Army. GSA did not have policies and procedures for each of its IT investment management boards. Results Yes Partially No NA 2 10 7 7 Comments • Yes—GSA and Labor have this practice in place. SSA. NSF. Labor. Army. • Partially—Treasuryc and USAID have not completely implemented this practice.c and Transportationc do not have documented policies and procedures for aligning and coordinating investment decision making among their investment management boards. at a minimum. • Partially—Army has not consistently implemented this practice. EPA and VA’s documentation related to this practice is in draft form. Navy’sc IT investment management board governance process is not completely implemented. GSA. Page 36 GAO-04-49 IT Management Practices . Commerce. • No—DOD. but did not provide documentation on the responsibilities. or this role has not been fully documented. Justicec reported that it is piloting an IT investment management board but did not provide supporting documentation. Labor. HHS has not established procedures for the development. • NA—EPA. Justice. • have final project funding decision authority (or provide recommendations) over projects within their scope of authority. and USAID do not have multiple IT investment management boards. State. SBA did not address whether its enterprisewide board can invoke final decision-making authority over its program office boards. Justicec reported that it is piloting an IT investment management board.c and Treasuryc do not have this practice in place. Navy.. Interior. the organization has • documented policies and procedures that describe the processes for aligning and coordinating IT investment decision making. documentation. Air Force. NASA. Navy. and evaluating IT investments that. Commerce. common applications) are handled.c Treasury. OPM. Results 14 10 2 0 Comments • Yes—Agriculture. State.(Continued From Previous Page) Practice 2.c Energy. HUD. OPM. SBA.4: If more than one IT investment management board exists in the organization (e. and Transportation have this practice in place.c NRC. HHS. SBA. at the component level).. HUD. HHS. SSA. NASA. USAID has not completely implemented this practice. State.c Energy. Results Yes Partially No NA 9 6 11 0 Comments • Yes—Agriculture. EPA’s documentation in support of this practice is in draft form. NSF. Transportation. and VA have this practice in place. Interior.g. Interiorb has not fully implemented its governance process for aligning and coordinating its IT investment decision making.2: The agency established one or more agencywide IT investment management boards responsible for selecting. Air Force. Commerce. or makeup of this board. and • processes that describe how cross-functional investments and decisions (e.3: The agencywide board(s) work processes and decision-making processes are described and documented. DOD. and review of IT investments. Education.g. NRC.b. Practice 2. Education. Practice 2. and NSF’s IT investment management boards are not responsible for controlling and evaluating IT investments. OPM did not describe its criteria for determining major systems or describe how cross-functional investments and decisions are handled.b.c NASA. • No—DODb. processes. HUD. controlling.c Energy. Education.c does not have this practice in place. • No—Air Force.c and VAc do not have this practice in place. SSA. NRC. and • are composed of key business unit executives. • criteria for determining where in the organization different types of IT investment decisions are made. • Partially—Agriculture does not have documented policies and processes for aligning and coordinating IT investment decision making or processes for describing how cross-functional investments and decisions are made.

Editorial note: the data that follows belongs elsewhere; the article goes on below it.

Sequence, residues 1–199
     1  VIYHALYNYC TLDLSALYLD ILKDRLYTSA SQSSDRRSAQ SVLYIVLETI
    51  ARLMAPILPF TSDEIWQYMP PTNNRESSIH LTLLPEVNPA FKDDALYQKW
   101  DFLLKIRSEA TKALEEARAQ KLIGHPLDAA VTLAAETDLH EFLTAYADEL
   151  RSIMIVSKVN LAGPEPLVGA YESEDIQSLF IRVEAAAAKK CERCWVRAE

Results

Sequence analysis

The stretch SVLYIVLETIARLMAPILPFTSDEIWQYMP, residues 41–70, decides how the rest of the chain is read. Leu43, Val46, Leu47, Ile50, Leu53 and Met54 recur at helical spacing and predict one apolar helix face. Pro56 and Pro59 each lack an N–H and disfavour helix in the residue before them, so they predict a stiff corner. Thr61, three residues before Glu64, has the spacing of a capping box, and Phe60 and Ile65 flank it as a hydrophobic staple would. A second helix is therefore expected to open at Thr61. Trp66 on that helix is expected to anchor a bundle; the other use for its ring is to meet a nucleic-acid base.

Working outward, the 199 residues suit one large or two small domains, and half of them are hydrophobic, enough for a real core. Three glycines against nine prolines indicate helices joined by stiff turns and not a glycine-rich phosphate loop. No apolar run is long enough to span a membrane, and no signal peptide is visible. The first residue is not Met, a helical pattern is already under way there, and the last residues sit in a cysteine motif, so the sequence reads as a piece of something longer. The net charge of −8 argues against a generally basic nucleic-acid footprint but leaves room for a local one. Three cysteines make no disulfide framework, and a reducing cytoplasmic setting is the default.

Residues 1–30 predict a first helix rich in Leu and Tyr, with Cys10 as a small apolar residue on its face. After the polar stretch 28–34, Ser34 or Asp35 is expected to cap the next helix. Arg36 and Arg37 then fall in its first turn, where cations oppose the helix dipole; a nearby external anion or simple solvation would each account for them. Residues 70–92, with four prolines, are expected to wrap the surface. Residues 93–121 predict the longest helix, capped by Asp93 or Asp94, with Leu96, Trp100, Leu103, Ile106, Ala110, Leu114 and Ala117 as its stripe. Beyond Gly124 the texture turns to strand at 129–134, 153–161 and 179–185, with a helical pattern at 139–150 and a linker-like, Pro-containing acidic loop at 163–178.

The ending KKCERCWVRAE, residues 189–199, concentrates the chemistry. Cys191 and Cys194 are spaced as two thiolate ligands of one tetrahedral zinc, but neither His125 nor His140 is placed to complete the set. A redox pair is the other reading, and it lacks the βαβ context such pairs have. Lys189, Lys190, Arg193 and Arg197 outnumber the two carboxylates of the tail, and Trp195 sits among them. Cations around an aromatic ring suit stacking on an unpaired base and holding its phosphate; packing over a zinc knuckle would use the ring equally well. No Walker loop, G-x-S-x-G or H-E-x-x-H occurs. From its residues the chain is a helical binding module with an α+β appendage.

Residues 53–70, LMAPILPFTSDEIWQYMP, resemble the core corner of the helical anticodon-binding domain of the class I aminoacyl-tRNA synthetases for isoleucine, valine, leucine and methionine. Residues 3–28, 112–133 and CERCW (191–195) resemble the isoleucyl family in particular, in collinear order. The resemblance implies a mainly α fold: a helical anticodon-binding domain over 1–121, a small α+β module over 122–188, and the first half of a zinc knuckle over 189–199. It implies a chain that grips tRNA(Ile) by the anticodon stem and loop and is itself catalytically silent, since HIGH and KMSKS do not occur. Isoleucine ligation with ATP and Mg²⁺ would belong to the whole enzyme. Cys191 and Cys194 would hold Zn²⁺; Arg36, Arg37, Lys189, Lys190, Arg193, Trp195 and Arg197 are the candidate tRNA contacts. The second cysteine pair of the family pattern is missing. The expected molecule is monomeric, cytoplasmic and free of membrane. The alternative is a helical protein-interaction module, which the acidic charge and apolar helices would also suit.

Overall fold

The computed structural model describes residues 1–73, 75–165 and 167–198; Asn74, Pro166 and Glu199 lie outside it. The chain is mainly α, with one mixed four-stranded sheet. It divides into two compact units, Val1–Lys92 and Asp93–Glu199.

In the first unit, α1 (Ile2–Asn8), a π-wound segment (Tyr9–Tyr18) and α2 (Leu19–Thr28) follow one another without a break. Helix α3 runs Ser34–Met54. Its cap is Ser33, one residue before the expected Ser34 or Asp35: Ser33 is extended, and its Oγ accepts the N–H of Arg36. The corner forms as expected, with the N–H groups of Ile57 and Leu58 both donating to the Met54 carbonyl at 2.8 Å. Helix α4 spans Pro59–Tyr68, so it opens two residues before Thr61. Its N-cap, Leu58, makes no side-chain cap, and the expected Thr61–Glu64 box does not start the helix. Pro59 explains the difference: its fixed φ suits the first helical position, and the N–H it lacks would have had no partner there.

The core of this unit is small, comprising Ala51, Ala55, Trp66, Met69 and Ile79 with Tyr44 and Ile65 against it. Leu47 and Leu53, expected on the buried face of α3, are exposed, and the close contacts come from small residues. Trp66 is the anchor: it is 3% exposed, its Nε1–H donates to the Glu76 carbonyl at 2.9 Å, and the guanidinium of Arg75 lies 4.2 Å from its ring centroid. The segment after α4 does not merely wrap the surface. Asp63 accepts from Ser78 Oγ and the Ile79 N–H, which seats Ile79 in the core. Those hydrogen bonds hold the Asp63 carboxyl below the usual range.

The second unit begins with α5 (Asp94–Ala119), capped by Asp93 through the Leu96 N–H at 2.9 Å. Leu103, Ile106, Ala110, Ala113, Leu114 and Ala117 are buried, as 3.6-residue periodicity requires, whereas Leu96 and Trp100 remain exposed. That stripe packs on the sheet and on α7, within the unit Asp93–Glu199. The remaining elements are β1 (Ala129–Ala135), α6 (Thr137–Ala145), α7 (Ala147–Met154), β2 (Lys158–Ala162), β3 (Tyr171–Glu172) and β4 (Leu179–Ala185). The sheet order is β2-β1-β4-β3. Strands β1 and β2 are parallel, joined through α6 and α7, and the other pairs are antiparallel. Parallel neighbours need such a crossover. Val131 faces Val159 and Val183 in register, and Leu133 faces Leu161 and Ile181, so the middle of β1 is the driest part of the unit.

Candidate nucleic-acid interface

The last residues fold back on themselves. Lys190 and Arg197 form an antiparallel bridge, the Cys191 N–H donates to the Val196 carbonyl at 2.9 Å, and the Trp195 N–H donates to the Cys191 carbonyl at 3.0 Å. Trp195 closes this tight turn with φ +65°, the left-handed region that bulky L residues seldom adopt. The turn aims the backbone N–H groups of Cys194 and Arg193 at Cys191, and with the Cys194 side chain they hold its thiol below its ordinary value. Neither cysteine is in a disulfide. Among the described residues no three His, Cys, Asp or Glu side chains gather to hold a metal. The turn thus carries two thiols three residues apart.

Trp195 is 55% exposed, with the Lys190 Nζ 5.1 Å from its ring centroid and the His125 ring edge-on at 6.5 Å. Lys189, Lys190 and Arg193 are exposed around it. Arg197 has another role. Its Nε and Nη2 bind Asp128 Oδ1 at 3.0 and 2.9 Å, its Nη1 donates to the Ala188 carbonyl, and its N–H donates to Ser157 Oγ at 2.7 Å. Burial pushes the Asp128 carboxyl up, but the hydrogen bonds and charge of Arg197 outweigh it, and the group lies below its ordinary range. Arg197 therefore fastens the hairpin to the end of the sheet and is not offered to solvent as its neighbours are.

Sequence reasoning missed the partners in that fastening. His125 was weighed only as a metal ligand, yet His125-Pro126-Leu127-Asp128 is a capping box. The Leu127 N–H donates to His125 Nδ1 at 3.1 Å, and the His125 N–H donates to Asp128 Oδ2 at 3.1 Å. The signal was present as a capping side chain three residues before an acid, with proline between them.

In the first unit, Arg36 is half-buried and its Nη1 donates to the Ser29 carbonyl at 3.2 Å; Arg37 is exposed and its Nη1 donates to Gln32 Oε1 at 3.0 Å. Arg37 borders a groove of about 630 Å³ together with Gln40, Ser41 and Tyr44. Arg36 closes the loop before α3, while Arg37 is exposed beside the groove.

SBA. OPM. NSF. Navy. USAID.(Continued From Previous Page) Practice 2. A DOD inspector general report stated that DOD’s inventory may not capture the universe of current DOD business management systems. USAID.5: As part of its investment management process. and VA have this practice in place.7: The IT asset inventory is used as part of managerial decision making. Labor. Interior. Energy and NASA’s inventories do not include interfaces. Commerce. • Partially—DOD. EPA. GSA. NSF. Commerce. Transportation. Air Force reported that its inventory is not being consistently used to identify asset duplication. Education. NASA. Army. and VA have this practice in place. • No—HHS. HUD. the agency has available an annually updated comprehensive inventory of its major information systems that includes major national security systems and interfaces. Labor. Navy. Education. NRC.b NRC. Commerce. • No—Energy. Justicec reported that it has begun to use its IT asset inventory to identify asset duplication as part of a pilot of its new IT investment management process. and compatible. SSA. Practice 2. and VA have this practice in place. Justice. SSA. Air Force. Treasury. Treasury. • Partially—Army’s documentation is in draft form. Transportation. Practice 2. HHS reported that its Exhibit 300s fulfill the requirements of this practice but did not provide supporting documentation. OPM. complete. and NRC do not have this practice in place. State. which produces inventory data that are timely. Air Force. and Treasuryc do not have this practice in place. EPA. HUD. Education. OPM. Energy. GSA. Transportation. HUD. Navy. Labor. sufficient. State. Page 37 GAO-04-49 IT Management Practices . DOD. GSA. SBA. SBA. Results Yes Partially No NA 21 1 4 0 Comments • Yes—Agriculture.6: A standard.c NSF. and USAID do not explicitly document how their IT asset inventory is used to identify asset duplication. Justice. EPA. State. Results Yes Partially No NA 21 5 0 0 Comments • Yes—Agriculture.c HHS. • Partially—Army’sc inventory is not complete and does not include interfaces. Results Yes Partially No NA 12 11 3 0 Comments • Yes—Agriculture. documented procedure is used so that developing and maintaining the inventory is a repeatable event. SSA. NASA. Interior. Interior.